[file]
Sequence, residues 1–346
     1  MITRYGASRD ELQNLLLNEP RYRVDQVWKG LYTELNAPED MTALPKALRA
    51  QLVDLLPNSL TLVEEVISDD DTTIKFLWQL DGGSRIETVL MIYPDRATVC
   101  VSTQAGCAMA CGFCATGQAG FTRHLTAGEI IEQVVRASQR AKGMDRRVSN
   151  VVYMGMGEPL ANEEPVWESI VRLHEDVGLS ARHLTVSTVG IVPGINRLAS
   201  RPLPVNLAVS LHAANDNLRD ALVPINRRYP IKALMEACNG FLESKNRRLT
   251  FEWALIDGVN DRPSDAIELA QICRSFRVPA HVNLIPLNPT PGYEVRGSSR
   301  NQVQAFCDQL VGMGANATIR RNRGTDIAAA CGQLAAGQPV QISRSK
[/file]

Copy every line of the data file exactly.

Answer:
Sequence, residues 1–346
     1  MITRYGASRD ELQNLLLNEP RYRVDQVWKG LYTELNAPED MTALPKALRA
    51  QLVDLLPNSL TLVEEVISDD DTTIKFLWQL DGGSRIETVL MIYPDRATVC
   101  VSTQAGCAMA CGFCATGQAG FTRHLTAGEI IEQVVRASQR AKGMDRRVSN
   151  VVYMGMGEPL ANEEPVWESI VRLHEDVGLS ARHLTVSTVG IVPGINRLAS
   201  RPLPVNLAVS LHAANDNLRD ALVPINRRYP IKALMEACNG FLESKNRRLT
   251  FEWALIDGVN DRPSDAIELA QICRSFRVPA HVNLIPLNPT PGYEVRGSSR
   301  NQVQAFCDQL VGMGANATIR RNRGTDIAAA CGQLAAGQPV QISRSK